Escaping my cubicle temporarily, I paid a first time visit to festive Lucy's Cantina Royale, with its cheerful outdoor seating area. Dining here, my two co-workers and I declared we felt like we were on vacation!

The view: New York City's Madison Square Garden.

A virgin guava margarita, $4. So refreshing on a hot June day.

I love guacamole. I don't love how expensive guacamole seems to be everywhere (especially in Manhattan). Here it was $9. I split the cost of this three ways though.

A vegetarian burrito, filled with Spanish rice, beans, corn, tomato, cilantro, a squeeze of lime and a pinch of happiness, $10. Hold the sour cream and cheese. Note the Lucy's logo stamped on their tortilla.

Good thing I brought a reusable container - I ate half and had the leftovers for lunch the next day.

Monday, June 21, 2010

Summer's Here, Slow Down, Unplugged

In The Shawshank Redemption, senior citizen Brooks gets out of prison decades after he went in as a young man. He took one look at modern life, and declared the world went and got itself in a big, damn hurry. I think that might be the mantra of today.

Step Away from the Blackberry

One need not look far to see the modern world has an affliction of technology ADD.

"It seems like he can no longer be fully in the moment," Brenda Campbell said of gadget-obsessed husband Cord in a New York Times article, Your Brain on Computers, Hooked on Gadgets, and Paying a Mental Price.

On the first night of a family vacation with their 16-year-old son and 8-year-old daughter at a cottage in Carmel, California, "We didn't go out to dinner. We just sat there on our devices," Brenda bemoaned.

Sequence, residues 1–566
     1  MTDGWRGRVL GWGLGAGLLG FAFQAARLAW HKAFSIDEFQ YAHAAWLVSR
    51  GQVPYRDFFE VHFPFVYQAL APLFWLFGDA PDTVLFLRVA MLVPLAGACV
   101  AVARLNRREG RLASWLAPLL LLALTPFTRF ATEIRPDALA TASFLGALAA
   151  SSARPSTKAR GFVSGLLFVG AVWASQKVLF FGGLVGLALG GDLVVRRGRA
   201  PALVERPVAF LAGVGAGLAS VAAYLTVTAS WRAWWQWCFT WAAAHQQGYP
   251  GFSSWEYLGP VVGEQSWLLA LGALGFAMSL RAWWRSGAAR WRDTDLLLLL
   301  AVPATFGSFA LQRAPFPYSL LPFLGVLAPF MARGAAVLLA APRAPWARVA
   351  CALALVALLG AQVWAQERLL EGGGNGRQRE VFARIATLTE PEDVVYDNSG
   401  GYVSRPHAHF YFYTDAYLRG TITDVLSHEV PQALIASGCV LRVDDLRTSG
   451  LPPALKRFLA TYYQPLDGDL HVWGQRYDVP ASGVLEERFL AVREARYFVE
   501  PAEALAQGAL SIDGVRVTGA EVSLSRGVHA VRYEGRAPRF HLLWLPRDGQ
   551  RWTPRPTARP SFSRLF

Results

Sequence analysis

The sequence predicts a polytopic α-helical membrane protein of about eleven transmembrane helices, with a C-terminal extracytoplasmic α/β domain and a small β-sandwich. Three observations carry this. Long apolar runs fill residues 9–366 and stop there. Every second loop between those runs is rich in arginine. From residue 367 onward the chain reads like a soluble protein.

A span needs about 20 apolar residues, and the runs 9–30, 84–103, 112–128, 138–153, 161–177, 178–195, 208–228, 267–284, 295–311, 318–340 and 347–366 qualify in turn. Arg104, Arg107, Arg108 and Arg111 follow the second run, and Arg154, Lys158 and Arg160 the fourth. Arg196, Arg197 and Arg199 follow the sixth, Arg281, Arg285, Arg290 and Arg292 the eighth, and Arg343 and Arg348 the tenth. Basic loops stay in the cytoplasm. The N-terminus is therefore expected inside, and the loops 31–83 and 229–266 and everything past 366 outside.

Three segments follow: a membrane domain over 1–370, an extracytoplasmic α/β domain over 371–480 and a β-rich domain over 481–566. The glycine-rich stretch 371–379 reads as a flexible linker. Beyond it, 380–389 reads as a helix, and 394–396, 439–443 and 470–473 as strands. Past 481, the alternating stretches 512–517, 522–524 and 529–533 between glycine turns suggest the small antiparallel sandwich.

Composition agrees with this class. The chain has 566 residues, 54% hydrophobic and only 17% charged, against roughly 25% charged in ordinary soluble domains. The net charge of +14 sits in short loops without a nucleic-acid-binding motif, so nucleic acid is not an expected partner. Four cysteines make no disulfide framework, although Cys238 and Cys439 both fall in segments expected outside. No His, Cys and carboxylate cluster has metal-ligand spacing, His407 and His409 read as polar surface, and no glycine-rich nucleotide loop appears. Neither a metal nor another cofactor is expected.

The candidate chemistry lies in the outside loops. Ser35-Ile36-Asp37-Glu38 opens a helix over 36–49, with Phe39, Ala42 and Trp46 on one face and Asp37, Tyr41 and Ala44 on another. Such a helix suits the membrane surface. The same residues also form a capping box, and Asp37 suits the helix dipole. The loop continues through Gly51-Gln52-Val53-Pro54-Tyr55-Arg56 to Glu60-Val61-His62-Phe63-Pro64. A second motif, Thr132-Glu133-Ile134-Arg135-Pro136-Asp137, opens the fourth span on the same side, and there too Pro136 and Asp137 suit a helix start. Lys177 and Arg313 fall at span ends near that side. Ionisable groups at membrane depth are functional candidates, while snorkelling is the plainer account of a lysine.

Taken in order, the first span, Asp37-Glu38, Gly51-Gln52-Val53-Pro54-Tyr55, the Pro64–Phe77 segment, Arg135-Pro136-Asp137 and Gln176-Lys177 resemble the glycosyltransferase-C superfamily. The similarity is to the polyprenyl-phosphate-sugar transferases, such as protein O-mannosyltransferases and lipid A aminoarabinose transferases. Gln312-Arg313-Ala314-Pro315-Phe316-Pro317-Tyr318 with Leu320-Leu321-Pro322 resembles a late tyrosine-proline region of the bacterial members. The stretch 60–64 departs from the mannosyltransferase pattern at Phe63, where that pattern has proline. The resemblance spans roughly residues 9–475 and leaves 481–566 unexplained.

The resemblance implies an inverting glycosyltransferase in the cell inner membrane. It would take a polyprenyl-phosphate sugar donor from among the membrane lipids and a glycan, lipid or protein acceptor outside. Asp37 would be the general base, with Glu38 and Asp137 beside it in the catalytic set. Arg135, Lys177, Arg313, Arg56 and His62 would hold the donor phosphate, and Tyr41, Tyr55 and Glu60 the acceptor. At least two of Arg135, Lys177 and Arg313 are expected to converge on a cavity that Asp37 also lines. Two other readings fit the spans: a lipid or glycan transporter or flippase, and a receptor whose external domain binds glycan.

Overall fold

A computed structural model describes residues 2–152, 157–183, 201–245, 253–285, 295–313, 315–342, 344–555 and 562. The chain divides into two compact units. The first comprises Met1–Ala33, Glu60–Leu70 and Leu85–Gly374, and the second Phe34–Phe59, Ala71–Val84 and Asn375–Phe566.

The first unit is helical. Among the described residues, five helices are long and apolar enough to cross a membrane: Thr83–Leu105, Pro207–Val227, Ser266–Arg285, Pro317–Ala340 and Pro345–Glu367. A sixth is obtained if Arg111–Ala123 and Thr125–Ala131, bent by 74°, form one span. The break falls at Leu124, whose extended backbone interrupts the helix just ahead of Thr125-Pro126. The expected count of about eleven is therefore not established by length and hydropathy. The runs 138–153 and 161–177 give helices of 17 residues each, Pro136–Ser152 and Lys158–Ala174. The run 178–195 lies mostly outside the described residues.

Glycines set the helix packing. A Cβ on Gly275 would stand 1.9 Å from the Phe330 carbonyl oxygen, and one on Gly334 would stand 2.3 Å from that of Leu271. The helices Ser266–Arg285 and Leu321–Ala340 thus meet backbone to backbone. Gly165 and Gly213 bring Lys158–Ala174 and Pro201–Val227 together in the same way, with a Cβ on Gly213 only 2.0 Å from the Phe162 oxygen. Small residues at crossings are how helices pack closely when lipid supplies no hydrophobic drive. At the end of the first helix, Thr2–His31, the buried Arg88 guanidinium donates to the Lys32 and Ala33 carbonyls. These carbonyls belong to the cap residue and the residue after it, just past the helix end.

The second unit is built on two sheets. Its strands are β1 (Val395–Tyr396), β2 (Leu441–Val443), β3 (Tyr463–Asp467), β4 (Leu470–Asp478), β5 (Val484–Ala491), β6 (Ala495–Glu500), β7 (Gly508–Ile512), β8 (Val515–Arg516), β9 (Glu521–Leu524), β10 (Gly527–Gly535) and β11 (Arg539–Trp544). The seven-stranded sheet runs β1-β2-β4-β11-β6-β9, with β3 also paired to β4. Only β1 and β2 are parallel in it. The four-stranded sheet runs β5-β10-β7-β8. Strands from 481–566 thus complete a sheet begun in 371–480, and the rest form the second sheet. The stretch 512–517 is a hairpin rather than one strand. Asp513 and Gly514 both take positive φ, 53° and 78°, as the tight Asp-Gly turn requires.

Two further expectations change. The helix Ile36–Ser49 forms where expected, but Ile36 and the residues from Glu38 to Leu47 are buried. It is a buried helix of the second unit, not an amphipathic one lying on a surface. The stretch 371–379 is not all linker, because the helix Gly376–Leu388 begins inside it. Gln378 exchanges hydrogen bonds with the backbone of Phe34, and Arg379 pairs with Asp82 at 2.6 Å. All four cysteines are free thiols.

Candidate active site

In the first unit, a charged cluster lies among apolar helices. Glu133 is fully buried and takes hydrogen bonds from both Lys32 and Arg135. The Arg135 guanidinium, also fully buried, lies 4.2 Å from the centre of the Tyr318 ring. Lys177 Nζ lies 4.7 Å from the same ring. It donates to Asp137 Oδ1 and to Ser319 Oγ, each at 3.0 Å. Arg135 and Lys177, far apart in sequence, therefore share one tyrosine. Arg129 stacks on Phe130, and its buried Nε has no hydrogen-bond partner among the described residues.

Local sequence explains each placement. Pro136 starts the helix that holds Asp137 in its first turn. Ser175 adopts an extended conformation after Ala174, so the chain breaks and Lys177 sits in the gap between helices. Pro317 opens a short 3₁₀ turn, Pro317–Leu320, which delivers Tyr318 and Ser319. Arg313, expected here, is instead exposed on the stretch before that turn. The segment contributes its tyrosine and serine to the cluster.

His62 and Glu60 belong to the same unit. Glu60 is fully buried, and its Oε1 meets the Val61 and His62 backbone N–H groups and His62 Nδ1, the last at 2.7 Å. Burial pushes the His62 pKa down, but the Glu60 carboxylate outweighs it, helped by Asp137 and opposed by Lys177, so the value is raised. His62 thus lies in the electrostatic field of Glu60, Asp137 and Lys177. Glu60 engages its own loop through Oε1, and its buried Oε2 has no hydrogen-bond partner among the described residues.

I recall seeing an ad for new Sprint device that allowed users to be working while at a fancy restaurant, or on the beach. The ad tried to reflect the message you would be away from your desk. It left me with what I observe: people are always working.

And it also seems so many cannot put their devices down. While people talking on their cell phone used to be the norm, almost every time I'm savoring a meal at a restaurant, someone nearby is furiously typing away on a device. While enjoying grilled vegetable cheeseless pizza and a cider on the patio of Jersey Boys Grill, a young woman (21 I'd say) was with her parents and she spent half the time texting and e-mailing. Conversation is becoming a lost art. Remember when it took a major storm for families to sit down and converse? Children younger and younger are already hooked on gadgets. The makers of these devices are no doubt thrilled.

According to the Times article, "At home, people consume 12 hours of media a day on average, when an hour spent with, say, the Internet and TV simultaneously counts as two hours. That compares with five hours in 1960, say researchers at the University of California, San Diego."

While my job requires me to be in front of a computer all day at work, I am blissfully unplugged on the weekends. My cell phone is almost always off. I rarely send a text message. I'm not on Facebook (Paul Rudd wisely remarked that if he wasn't friends with you in high school, he does not want to be friends with you now). Amen. And I don't want to project every emotion I'm having at every second. The only tweeting I want to hear? From the birds. I do love my iPod, but would return it in a hearbeat to live in a world before all this plugging in.

Tonight marks the summer solstice. The heat is on, and the body must slow down. Mother nature insists upon it. This summer, unplug unapologetically and unabashedly for hours at a time. Remember the world was once quite functional without cell phones or Blackberries.

Savor the season. Delight in the simple pleasures of a cold glass of lemonade on sultry day. Relish in a mid-afternoon nap on a weekend when it's just too hot to do anything else. Read a library book in the shade. Enjoy a swim at night. Do as Natalie Merchant did in "Where I Go," - go to the river and "ponder over the crazy days of my life. Just sit and watch the river flow." Be fully in the moment.